Blackberry manufacturer expands support for Windows Mobiles

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Blackberry manufacturer expands support for Windows Mobiles

Antony Savvas

Blackberry manufacturer RIM has expanded its support for Windows Mobile-based devices with a new software application suite, that will enable devices from third-party manufacturers to benefit from Blackberry software applications and services.

RIM plans to begin offering the new software application suite later this year for select devices based on Windows Mobile 6. Once installed, the software will provide users with a “virtual BlackBerry application experience”, said RIM.

There will be support for Blackberry e-mail, phone, calendar, address book, tasks, memos, browser, instant messaging and other applications developed for the Blackberry platform.  

Devices running the Blackberry application suite will be able to connect to Blackberry services via Blackberry Enterprise Server as well as the Blackberry Internet Service platform.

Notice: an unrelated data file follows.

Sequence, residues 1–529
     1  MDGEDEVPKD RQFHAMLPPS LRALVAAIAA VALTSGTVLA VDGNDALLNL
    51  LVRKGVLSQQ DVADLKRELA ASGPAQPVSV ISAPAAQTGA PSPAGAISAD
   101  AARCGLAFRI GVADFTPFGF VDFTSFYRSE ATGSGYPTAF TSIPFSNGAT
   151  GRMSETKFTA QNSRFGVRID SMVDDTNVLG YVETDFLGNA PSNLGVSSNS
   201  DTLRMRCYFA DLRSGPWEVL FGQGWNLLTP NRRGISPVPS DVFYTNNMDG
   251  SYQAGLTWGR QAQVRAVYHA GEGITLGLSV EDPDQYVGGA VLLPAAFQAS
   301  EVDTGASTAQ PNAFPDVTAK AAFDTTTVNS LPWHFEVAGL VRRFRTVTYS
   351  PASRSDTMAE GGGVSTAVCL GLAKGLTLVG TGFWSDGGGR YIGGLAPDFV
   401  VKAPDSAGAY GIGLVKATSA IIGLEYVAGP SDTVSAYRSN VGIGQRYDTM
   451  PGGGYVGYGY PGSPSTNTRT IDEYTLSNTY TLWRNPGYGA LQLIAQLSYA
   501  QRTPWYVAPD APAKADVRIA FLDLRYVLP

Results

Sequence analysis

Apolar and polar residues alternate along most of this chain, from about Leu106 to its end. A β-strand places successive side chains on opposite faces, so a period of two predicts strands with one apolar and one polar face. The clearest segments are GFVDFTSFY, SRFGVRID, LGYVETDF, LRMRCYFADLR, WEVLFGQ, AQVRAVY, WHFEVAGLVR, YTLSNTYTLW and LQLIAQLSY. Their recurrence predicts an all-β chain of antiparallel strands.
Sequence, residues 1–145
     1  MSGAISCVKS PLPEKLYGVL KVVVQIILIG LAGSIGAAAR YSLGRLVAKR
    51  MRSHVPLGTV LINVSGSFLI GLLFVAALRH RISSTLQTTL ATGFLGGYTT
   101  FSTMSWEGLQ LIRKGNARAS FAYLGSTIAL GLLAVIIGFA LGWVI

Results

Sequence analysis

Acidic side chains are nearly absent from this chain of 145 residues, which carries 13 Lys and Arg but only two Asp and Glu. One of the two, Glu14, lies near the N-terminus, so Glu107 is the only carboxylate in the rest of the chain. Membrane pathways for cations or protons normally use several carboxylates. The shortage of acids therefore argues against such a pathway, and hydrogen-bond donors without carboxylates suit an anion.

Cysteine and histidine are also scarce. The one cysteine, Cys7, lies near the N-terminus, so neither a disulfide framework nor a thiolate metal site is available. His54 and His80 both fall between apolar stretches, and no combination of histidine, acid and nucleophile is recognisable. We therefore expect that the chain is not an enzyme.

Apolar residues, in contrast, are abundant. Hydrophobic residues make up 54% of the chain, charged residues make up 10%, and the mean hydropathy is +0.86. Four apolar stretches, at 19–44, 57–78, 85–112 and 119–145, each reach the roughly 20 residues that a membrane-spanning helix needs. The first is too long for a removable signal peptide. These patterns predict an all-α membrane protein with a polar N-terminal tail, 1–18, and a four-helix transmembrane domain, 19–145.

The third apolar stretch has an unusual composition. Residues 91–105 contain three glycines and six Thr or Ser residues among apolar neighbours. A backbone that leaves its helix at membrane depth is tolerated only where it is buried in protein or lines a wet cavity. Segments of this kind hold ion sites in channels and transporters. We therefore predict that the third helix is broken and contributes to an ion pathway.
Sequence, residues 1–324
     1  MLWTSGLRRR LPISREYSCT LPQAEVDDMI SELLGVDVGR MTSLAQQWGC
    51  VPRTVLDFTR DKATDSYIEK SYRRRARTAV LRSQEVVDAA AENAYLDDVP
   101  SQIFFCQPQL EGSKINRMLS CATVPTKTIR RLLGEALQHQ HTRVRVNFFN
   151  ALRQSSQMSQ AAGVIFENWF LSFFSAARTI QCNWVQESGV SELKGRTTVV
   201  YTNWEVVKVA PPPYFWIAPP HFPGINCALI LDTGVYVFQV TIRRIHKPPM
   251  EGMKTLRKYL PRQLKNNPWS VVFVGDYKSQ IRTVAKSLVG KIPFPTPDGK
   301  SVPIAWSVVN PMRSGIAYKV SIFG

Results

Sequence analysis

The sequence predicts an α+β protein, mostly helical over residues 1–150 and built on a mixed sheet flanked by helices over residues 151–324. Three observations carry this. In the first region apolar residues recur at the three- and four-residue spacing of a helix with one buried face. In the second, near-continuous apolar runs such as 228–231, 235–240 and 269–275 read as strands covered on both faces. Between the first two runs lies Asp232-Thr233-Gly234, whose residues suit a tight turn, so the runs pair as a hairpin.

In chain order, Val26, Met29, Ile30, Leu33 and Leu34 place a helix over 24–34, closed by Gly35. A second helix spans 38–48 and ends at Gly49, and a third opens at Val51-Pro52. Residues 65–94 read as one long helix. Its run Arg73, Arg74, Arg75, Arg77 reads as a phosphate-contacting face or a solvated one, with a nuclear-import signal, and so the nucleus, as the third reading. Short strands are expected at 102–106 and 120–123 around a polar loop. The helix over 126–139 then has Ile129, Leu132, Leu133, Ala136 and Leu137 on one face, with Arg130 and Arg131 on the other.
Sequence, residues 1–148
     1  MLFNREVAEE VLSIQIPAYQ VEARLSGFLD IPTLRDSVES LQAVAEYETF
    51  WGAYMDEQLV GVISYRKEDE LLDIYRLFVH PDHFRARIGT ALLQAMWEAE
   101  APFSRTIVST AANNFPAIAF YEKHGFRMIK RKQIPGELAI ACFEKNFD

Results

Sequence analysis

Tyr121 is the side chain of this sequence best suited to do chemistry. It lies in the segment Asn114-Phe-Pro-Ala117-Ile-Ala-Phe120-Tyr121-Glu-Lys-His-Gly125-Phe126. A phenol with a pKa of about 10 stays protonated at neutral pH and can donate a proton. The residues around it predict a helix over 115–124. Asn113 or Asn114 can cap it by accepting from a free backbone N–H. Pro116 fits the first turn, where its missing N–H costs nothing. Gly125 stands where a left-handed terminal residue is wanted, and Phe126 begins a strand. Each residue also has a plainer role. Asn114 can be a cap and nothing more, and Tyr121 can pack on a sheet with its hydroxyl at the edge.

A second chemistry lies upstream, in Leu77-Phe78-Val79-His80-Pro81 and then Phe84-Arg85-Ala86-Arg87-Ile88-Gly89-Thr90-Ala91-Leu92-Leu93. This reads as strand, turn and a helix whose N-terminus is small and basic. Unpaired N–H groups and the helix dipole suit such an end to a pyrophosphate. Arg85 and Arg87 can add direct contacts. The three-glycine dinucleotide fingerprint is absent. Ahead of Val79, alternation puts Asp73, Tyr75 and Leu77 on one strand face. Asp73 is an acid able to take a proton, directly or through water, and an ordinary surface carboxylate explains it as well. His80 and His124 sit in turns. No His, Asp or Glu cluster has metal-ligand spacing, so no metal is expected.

The new Blackberry application suite will complement existing Windows Mobile 6 functionality and will appear as an icon on the screen in the same manner as other third-party applications.

Upon clicking the Blackberry icon, a suite of Blackberry applications will load and will feature the familiar user interface of a Blackberry smartphone.

The device's existing Windows Mobile applications are preserved, allowing the user to easily and quickly switch between the Windows Mobile applications and the Blackberry application suite.

"RIM's decision to expand its support for Windows Mobile will resonate well with customers, developers and carriers alike," said Carrie MacGillivray, an analyst at IDC.

"Security, manageability, usability, international coverage, network efficiency, mobile application support, back-end integration and device selection are all important considerations for a wireless platform, and RIM continues to invest in the Blackberry platform on all fronts," she said.

RIM customers in North America last week suffered two day’s of network disruption. The firm said the problem was down to poor software testing of a new network application.

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